Confidentiality of the CMC – why is it important?
CMCs are not open to the public and CMC memos are not part of the public record of the proceeding nor accessible by the public. Discussions of the strengths or weaknesses of a party’s case and any discussions about settlement are considered “without prejudice”. That means they cannot be relied on in the hearing or shared with anyone in any way unless both the parties and the Tribunal agree. See rule 9.3.1.
Confidentiality of the CMC is critical to encouraging fair and frank discussions and exploring resolution of some, or all, the issues in dispute.
What is a CMC Memo?
Both parties are expected to prepare a CMC memo. The College must deliver its memo no later than 20 days before the first CMC. The member’s memo must be delivered no later than 10 days before the first CMC. See rule 9.4.3.
CMC memos are completed using Tribunal Form 9.
The CMC memo explains the theory of the party’s case and the legal issues the party understands are in dispute. The CMC memo provides helpful information for the hearing planning process such as an estimate of hearing days, numbers of witnesses, whether the party will call expert witnesses and whether any pre-hearing motions are contemplated. The CMC memo also sets out the party’s position on penalty and possible settlement.
When is the first CMC held?
The first CMC is scheduled within 150 days after the notice of hearing is filed with the Tribunal. The date and time of the first CMC is included in the introduction letter the Tribunal Office sends to parties.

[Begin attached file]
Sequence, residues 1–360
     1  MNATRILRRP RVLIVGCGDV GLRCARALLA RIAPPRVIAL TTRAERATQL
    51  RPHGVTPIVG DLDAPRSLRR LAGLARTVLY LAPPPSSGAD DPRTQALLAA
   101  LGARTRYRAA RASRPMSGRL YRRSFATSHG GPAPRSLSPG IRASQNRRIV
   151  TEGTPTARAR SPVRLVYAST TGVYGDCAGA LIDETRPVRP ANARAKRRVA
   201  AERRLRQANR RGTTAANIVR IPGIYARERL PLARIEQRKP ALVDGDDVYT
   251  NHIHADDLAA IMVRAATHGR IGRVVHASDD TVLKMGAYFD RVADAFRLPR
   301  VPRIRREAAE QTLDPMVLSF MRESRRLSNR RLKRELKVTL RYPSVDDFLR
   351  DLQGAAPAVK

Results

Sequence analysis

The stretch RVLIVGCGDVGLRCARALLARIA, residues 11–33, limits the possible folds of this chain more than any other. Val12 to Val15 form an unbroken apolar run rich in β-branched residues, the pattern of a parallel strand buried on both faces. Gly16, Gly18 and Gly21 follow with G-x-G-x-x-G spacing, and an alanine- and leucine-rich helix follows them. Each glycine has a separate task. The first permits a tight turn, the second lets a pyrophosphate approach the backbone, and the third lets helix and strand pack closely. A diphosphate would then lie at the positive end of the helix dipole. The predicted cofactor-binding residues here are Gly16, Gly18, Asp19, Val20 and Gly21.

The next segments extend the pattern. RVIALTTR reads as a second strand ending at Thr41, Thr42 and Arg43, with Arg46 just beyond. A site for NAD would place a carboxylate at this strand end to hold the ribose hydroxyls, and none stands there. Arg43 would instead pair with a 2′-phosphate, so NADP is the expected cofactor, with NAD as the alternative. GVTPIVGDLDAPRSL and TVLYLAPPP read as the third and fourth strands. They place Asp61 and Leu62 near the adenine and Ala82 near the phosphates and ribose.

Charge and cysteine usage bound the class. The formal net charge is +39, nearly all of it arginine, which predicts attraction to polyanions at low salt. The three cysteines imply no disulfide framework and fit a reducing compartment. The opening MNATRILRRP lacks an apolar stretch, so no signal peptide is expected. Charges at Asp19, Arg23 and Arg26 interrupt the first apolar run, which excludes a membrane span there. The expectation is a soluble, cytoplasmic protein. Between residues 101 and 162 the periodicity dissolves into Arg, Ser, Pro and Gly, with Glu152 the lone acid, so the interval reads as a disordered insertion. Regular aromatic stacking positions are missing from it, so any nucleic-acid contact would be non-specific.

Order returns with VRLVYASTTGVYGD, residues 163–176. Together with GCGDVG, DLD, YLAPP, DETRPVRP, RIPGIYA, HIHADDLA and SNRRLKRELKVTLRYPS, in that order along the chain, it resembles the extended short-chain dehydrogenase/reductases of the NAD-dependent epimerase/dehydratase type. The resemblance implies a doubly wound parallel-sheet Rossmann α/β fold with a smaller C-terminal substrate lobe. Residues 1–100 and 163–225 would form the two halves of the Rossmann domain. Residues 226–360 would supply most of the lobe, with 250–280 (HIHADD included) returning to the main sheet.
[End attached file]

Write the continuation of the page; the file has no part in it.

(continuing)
A party or counsel who is not available on the date set for the first CMC must consult the other party and provide two alternate dates and times when both parties are available. The alternate dates must be within two weeks of the original CMC date. This information must be provided to the Tribunal Office within 7 days of the date of the introduction letter.
The CMC chair will schedule further CMCs as necessary. Parties may request a CMC at any time and must request a CMC as soon as they become aware of anything which may affect the timely and efficient conduct of a scheduled motion or hearing. See rule 9.5.3.
CMC Directions and Decisions
The CMC chair prepares a case management direction after every CMC. The case management direction records any deadlines or directions made at the CMC.
Parties are expected to comply with case management directions and orders. Failure to do so may be considered when the Tribunal considers whether to award costs.
The CMC chair will also decide motions and may issue case management reasons. Case management directions or reasons may be issued on the CMC chair’s own initiative or in response to written communications or submissions from parties or participants. See rule 9.5.4.
Examples of case management reasons:
- College of Physicians and Surgeons of Ontario v. McInnis, 2022 ONPSDT 28
- College of Physicians and Surgeons of Ontario v. Gerber, 2022 ONPSDT 21
- Tribunal File No. 21-019, 2021 ONPSDT 44
- College of Physicians and Surgeons of Ontario v. Garcia Pan, 2021 ONPSDT 43
- College of Physicians and Surgeons of Ontario v. Dr. X, 2021 ONCPSD 38
Effective: January 1, 2023